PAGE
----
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Deborah Pickstone
Although Ms Fossey keeps telling us we should not anthropomorphise the gorillas, she does so constantly - which is endearing, rather than annoying, in this case - and keeping in mind the chronological context of her memoir also. In fact, in some ways the more loose standards of field work then were more humane than what happens now - and to decide the ethicality of any set of standards applied to field work can only come down to individual ethics for the armchair reader; today there is a set of ...more
Madhulika Liddle
Apr 22, 2020 rated it really liked it
In 1967, Dian Fossey went on her very first trip to Africa. There were two main objectives for her trip: one, to go to the Congo (later Zaire) and see the mountain gorillas of the Virunga volcanic peaks; two, to meet the famous Dr Louis Leakey. That trip was the first step towards Fossey’s setting out to observe mountain gorillas, and to subsequently set up the Karisoke Research Center in the Virungas. Her story is documented here, in Gorillas in the Mist.

This memoir is split into 12 chapters,
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Carmen
After each display, the gorillas would look at us quizzically as if trying to determine the effect of their show. It was their individuality combined with the shyness of their behavior that remained the most captivating impression of this first encounter with the greatest of the great apes. I left Kabara with reluctance but with never a doubt that I would, somehow, return to learn more about the gorillas of the mist mountains.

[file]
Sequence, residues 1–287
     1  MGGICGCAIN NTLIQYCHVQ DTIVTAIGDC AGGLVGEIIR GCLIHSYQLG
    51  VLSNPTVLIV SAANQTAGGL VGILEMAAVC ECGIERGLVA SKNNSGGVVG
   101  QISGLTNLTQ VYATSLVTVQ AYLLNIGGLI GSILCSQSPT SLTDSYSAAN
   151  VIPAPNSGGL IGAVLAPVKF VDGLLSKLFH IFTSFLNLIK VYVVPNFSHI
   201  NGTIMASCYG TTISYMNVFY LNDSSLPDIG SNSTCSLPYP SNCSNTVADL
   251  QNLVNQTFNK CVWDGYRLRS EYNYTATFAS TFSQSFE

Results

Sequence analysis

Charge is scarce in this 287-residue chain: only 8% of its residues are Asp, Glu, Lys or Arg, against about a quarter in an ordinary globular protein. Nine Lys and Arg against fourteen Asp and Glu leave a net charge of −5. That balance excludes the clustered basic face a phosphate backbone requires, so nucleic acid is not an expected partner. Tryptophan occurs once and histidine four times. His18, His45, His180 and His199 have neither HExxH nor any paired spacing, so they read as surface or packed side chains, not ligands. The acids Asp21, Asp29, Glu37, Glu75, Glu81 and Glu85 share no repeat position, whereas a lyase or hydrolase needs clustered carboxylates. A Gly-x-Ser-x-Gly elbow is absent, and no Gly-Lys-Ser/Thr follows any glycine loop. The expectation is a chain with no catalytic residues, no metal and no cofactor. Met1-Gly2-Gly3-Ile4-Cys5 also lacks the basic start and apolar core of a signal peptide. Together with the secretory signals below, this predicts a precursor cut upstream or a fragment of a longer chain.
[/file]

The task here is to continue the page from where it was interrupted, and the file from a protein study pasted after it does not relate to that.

Jason
Jul 24, 2013 rated it liked it
HERBACEOUS FOLIAGE!

Anyone who knows anything about Fossey and her research knows the highlights (or lowlights, as the most memorable are also the saddest) of her story. This really gives a closer look at the day-to-day and the way Fossey worked from her own point of view. It's understood straight away that she feels strongly, very, no extremely strongly. She beats you over the head with what her views are, how she thinks things should be done in regards to conservation, and how they should n
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Katie
Sep 18, 2007 rated it it was amazing
The legendary autobiographical account of Dian Fossey and her passionate quest to study and save the few remaining mountain gorillas from extinction. I am glad that I read this book AFTER our own mountain gorilla trek, because I was able to connect with her commentary regarding the jungle, the local culture, and the trekking experience more completely. The book is a bit confusing with regards to timeline, but Fossey's strength of character and heroism clearly showed through. I would recommend th ...more